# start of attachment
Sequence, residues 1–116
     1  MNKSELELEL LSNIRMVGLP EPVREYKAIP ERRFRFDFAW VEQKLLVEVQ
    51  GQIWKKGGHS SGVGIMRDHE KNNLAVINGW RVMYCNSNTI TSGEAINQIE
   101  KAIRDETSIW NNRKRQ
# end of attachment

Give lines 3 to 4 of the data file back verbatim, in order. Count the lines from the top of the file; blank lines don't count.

    51  GQIWKKGGHS SGVGIMRDHE KNNLAVINGW RVMYCNSNTI TSGEAINQIE
   101  KAIRDETSIW NNRKRQ